Since the last bird of prey I tried to rescue didn’t make it, I was determined that this one would. Luckily a few miles down the road is an owl, raptor and reptile sanctuary, so I took it there. Turns out it was a barn owl chick, far too young to be out of the nest. They’re going to get him well and then find a nest with similar aged chicks and slip him in, to be raised by a surrogate mother back in the wild.
My good deed for Monday was done – but it ate up a massive chunk of the day.
On Tuesday, I did a few wedding-related things like writing my groom’s speech, but I have to confess to being distracted all day by the wrens nesting two feet outside the back door. Every three or four minutes they return to the box with an insect, whereuopon three very hungry chicks lean chirping out of the hole. I guess I don’t have to watch them, but it’s hard not to when they’re so busy from sun up – around half-four in the morning – right the way through to after sunset – gone nine-thirty at night.
Part of the reason I couldn’t look away was this whole parenting thing. I couldn’t help feeling a kinship with these tiny little birds looking after their kids, sacrificing their time and energy to care for their young ones around the clock. I admired them their energy, and felt it needed to be acknowledged, if only through my observation. And if I’m honest, I wondered if I’d be able to cope if I had to expend so much effort on my child as they did on theirs.
The answer wasn’t long in coming.
I put the baby to bed as usual around seven Tuesday night. At ten came the most horrible sound, and when I rushed in there I found little Izzie soaked in vomit. I picked her up and, my god, she was burning up! With a temperature of 38.6, I gave her some Calpol, two hours of TLC, got her to bed shortly after midnight, and checked on her every two hours.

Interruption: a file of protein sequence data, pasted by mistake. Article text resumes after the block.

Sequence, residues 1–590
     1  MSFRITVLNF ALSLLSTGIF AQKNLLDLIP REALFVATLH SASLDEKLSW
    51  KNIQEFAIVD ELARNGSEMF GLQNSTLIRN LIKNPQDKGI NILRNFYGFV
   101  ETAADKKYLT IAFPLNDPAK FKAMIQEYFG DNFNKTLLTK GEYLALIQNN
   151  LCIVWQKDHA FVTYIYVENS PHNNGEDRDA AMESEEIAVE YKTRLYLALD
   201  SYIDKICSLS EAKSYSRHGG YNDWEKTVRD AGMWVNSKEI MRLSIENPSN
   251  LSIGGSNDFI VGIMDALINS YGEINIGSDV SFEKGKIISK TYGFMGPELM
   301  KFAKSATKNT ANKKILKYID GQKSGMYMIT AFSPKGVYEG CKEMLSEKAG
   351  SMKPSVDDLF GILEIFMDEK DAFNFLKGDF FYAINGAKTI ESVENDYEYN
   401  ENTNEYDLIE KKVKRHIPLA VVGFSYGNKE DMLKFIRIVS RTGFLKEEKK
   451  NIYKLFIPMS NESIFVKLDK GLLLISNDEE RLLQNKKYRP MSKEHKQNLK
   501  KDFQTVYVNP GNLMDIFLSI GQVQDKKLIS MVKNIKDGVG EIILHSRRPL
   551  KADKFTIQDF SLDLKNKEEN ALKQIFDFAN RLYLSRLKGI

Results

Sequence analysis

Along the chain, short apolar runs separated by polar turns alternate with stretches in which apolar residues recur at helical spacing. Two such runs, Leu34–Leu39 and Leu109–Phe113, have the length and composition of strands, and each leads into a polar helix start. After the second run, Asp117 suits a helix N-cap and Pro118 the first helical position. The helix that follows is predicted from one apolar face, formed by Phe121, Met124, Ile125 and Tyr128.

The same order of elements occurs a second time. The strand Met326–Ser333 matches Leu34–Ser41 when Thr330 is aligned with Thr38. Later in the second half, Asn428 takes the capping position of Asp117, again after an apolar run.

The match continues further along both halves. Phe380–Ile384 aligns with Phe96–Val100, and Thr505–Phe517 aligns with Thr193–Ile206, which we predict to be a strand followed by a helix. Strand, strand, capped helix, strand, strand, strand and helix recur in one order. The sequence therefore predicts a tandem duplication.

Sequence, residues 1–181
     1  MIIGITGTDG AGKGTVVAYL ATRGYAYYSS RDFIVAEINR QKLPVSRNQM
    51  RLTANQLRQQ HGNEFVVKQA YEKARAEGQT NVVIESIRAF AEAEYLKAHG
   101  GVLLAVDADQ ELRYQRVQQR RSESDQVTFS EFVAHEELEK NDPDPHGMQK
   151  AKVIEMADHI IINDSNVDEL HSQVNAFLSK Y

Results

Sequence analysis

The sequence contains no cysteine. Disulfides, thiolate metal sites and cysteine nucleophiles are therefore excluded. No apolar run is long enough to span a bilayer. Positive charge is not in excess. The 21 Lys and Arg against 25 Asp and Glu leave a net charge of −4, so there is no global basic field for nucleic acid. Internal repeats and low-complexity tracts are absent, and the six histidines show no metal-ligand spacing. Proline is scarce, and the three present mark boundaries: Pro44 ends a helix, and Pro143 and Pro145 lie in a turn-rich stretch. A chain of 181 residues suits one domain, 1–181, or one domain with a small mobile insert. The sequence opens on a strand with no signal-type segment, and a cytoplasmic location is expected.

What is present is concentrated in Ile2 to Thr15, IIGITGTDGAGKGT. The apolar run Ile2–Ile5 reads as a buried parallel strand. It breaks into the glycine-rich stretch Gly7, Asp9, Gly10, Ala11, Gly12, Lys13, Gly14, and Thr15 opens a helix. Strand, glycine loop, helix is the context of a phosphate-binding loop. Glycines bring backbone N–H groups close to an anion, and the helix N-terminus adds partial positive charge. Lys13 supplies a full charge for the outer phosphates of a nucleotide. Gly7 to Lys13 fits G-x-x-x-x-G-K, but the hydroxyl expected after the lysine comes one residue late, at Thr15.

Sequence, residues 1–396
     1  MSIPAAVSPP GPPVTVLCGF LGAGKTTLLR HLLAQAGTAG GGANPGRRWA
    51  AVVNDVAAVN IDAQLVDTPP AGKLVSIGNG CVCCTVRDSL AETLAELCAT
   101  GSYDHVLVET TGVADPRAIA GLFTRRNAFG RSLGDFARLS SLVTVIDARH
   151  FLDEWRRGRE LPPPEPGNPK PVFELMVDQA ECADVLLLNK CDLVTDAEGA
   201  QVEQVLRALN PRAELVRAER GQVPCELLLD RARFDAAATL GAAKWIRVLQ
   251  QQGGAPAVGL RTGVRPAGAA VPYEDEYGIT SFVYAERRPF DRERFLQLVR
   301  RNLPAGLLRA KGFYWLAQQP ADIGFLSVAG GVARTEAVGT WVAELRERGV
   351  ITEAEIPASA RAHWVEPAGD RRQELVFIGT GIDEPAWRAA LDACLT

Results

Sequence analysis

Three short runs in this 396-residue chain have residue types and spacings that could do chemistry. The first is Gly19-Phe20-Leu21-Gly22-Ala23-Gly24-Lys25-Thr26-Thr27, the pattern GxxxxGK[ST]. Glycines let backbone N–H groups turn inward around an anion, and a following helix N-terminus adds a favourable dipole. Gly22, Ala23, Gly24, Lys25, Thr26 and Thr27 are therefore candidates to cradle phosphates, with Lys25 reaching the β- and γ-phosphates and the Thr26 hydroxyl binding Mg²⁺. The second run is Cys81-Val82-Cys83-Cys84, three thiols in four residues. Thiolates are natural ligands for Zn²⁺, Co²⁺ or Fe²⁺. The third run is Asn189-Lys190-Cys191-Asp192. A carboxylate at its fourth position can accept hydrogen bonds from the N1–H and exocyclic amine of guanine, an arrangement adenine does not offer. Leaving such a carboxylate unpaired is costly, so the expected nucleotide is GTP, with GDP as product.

By six o’clock this morning she was 39.1 degrees and very unhappy. It’s awful, knowing she’s unwell but unable to do much about it. So many thoughts and possibilities run through your mind, and after so few hours sleep, you jump to worst case scenarios.
I spoke to a doctor at 8.30, saw her at 11, when Izzie was 39.3, and was sent straight to the hospital so she could be assessed. And that was just the start of six hours of shenanigans.
Izzie was the most distressed I’ve ever seen her, and Lizzie almost as bad. As the stable presence in their lives, I have to take it in my stride, act confident and calm, reassure them that everything’s okay and we’ll deal with whatever happens, even though inside I’m just as churned up. Watching Izzie get poked and prodded and howl like a banshee must rank up there as one of the least comfortable experiences of my life.
Well, worse was to come. They needed a urine sample to test, and despite this being 2016, guess how you get a urine sample from a baby? You sit the over-hot, kicking, squirming, screaming sweetie on your partner’s lap on a waterproof sheet, crouch between their legs with a plastic tub, and get ready to catch whatever comes out.
I always figured that since they’re incontinent, babies drip-drip-dripped, little and often. Nope. They pee just like normal people – when they need to.
So we waited.
For an hour and three-quarters. Crouched, ready to jump into action in a split second to catch that pee! And true to form, Izzie waited for the doctor to arrive and the precise moment I looked away to make her entrance to the stage. In the event, I got it all over my hands, but managed to salvage enough to test.
Meanwhile, doctors and nurses and mothers and boyfriends came to visit the girl in the bed next to us, a teenager who took an overdose this morning, and, by dint of still being classed as a child, was placed in a bay surrounded by screaming babies.
It’s impossible not to overhear things in a hospital – the curtains aren’t exactly soundproof, after all.
‘Did you intend to kill yourself?’
‘Are you happy you’re still here?’
She gave her mother a pretty hard time, lots of effing and blinding. And as a dad, I thought how odd it was that fourteen years earlier, she’d have been like Izzie, a little girl, an innocent, unsullied, perfect creature. I can’t comprehend how I would feel if in fourteen years time it’s Izzie in that bed following a suicide attempt, telling me to ‘shut up, I just don’t care, leave me alone, I don’t give a f**k.’